Here is an explanation of some of the terms used on the site; the list will be added to as the site develops.
Assimilation: some of the rock ascending magma passes though (country rock) is sloughed off and mixed with the magma, changing the magma’s composition.
Basic rocks: rocks or lava which contain a low level of silicon dioxide (SiO2), such as basalt.
Caldera: a large elliptical depression caused by dropping of the magma reservoir roof when magma leaves the reservoir, usually during an eruption. The magma may erupt via a summit or flank vents.
Constructive plate margin: the boundary between two separating tectonic plates where new rock is added by magma ascent.
Cryptodome: a bulge caused by ascending unerupted magma.
Decompression melting: a reduction in pressure reduces the melting point of rock and causes partial melting.
Degassing: the release of volatiles (gases) from magma or solution when the constraining pressure reduces.
Destructive plate margin: the boundary between two colliding tectonic plates where the denser plate sinks below the other and is ultimately destroyed in the process.
Fire fountain: vertical jet of gas and incandescent lava released from a fissure or vent.
Fractional crystallisation: as magma cools, minerals crystallise out depending on their melting point. This changes the composition of the remaining magma.
Holocene: the current period of the Quaternary period, which started around 10,000 BC, with the Holocene Glacial Retreat.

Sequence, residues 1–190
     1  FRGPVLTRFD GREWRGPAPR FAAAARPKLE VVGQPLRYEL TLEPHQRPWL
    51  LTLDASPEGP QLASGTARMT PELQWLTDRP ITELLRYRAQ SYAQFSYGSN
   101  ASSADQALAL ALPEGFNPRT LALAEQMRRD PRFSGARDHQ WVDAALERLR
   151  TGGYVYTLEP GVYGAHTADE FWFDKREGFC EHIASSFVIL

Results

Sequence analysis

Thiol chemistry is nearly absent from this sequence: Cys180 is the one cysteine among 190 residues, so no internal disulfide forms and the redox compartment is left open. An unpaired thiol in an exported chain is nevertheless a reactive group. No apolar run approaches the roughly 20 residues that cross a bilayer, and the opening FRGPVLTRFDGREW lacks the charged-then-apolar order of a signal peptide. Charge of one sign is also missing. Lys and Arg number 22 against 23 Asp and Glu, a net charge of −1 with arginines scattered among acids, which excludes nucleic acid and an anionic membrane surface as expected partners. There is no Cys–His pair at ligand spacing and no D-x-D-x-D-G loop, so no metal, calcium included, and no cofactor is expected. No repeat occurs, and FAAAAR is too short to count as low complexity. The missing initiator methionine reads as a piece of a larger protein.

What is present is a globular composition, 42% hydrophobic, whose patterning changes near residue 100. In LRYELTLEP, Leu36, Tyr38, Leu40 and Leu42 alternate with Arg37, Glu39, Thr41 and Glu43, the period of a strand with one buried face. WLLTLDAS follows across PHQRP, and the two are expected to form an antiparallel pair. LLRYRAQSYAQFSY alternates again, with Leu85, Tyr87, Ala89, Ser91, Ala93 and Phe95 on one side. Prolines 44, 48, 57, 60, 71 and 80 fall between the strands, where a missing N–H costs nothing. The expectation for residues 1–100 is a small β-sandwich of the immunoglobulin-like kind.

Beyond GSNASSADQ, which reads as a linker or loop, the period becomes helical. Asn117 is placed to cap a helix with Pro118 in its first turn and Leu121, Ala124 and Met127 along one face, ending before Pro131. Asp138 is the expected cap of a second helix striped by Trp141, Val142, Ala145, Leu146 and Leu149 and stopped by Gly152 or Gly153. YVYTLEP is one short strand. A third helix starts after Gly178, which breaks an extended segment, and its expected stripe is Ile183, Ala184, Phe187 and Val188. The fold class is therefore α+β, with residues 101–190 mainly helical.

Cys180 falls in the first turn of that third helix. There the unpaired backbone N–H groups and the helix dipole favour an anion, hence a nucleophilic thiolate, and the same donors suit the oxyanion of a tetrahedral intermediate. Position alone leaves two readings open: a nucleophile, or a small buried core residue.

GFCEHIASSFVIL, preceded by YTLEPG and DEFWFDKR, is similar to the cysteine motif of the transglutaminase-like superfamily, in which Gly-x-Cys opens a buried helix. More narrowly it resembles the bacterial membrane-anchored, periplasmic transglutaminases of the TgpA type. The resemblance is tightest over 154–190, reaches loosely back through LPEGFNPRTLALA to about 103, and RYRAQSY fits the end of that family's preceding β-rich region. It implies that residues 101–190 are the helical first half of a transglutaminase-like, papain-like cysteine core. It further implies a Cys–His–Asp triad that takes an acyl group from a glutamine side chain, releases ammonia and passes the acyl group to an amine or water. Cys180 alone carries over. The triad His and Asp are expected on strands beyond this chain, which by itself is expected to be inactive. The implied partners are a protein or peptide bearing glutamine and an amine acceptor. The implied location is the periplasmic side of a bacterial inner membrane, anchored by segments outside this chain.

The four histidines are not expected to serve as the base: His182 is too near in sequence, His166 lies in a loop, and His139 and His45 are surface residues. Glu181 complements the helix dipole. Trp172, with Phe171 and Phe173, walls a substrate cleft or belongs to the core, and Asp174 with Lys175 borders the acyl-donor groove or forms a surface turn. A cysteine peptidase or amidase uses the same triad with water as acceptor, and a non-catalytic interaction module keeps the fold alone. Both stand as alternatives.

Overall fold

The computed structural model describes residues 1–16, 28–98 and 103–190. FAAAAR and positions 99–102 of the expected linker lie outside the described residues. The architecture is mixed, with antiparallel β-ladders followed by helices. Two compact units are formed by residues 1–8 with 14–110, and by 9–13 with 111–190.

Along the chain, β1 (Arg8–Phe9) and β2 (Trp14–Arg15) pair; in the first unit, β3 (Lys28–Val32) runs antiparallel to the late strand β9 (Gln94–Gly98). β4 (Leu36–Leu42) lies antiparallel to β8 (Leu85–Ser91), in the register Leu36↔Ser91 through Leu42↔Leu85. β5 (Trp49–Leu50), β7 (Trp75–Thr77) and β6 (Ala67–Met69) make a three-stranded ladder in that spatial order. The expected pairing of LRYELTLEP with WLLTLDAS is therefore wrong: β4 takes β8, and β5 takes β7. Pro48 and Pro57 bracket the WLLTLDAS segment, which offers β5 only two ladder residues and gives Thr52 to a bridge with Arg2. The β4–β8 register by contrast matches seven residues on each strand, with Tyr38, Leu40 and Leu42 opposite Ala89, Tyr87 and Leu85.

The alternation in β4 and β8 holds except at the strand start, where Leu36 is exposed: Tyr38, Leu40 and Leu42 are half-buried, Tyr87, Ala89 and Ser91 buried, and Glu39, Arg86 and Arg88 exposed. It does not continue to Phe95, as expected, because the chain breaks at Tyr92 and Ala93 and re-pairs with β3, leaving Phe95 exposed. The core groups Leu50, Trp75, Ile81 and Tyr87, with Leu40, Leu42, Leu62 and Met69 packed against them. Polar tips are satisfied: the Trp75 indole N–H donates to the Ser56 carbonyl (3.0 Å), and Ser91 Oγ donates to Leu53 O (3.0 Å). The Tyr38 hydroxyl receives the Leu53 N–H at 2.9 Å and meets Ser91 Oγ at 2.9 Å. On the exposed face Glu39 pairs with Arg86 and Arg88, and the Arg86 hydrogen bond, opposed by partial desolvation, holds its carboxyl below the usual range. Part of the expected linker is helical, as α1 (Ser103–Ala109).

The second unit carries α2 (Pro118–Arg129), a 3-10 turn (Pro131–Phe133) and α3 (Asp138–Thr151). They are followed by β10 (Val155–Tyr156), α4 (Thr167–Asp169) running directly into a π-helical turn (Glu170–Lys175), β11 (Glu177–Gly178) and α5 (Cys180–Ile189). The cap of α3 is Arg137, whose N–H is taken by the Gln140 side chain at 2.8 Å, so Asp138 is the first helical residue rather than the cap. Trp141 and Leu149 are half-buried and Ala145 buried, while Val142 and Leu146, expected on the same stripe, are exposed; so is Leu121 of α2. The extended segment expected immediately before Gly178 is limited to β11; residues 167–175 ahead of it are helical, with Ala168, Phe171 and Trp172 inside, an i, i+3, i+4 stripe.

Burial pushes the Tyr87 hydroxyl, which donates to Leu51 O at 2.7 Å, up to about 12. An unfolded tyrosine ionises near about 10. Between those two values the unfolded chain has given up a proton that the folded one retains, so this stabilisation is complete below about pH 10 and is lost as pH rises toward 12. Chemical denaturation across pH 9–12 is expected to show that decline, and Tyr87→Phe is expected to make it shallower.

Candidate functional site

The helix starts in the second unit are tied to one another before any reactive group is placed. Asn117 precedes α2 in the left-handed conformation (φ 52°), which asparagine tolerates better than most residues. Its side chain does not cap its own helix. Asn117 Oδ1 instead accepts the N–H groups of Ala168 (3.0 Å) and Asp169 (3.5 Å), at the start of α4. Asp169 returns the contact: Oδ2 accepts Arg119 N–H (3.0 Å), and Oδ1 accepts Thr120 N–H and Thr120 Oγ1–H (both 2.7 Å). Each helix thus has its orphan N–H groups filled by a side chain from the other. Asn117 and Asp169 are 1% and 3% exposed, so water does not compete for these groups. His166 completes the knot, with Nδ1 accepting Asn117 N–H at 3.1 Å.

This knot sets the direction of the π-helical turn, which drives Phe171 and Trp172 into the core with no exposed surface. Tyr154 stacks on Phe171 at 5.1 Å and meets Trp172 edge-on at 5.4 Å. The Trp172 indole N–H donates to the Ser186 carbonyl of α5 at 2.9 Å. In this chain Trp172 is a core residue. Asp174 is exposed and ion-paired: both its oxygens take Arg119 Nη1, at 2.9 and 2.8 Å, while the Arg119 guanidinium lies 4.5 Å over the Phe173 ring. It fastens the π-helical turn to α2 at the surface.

Hydration melting: the addition of water reduces the melting point of rock to cause partial melting.
Ignimbrite: rock formed by the deposit of hot ash and pumice.
Intermediate rocks: rocks or lava which lie between basic and silicic rocks, such as andesites.
Jökulhlaup: a glacial outburst flood. Accumulated melt water caused by heat from magma close to the surface breaks through the glacier in a flood. The term is used in Iceland. Lahars are a similar phenomenon.
Large Igneous Province: a large area of lava s and intrusions which are thought to originate from mantle processes, e.g. a mantle plume; they may be basaltic or silicic.
Magma mixing: one or more batches of magma combine in the magma chamber / reservoir, changing the overall composition of the magma.
Obduction: one plate is thrust over the other when two tectonic plates collide.
Ophiolite: a remnant of old oceanic crust and mantle that has brought to the surface by obduction.
Phreatic eruptions: Steam driven eruptions, caused by heat from magma flashing ground water to steam. No new lava is emitted.
Phreato-magmatic eruptions: As for phreatic eruptions with the emission of new lava.
Pyroclastic flows: also known as pyroclastic density currents, turbulent ground hugging flows or currents of ash, rock and gases from an eruption. They may be hot or cold.
Silicic rocks: rocks or lava which contain a higher proportion of silicon dioxide (SiO2), such as rhyolite.
Subduction: the descent of one tectonic plate / lithospheric slab beneath another at a destructive plate margin.
Tephra: fall out deposits from explosive eruptions.
Volcano Explosivity Index (VEI): a measure of the explosivity of volcanic eruptions, calculated based on plume height.
Wadati-Benioff zone: the zone where earthquake foci delineate the descending plate in a subduction zone.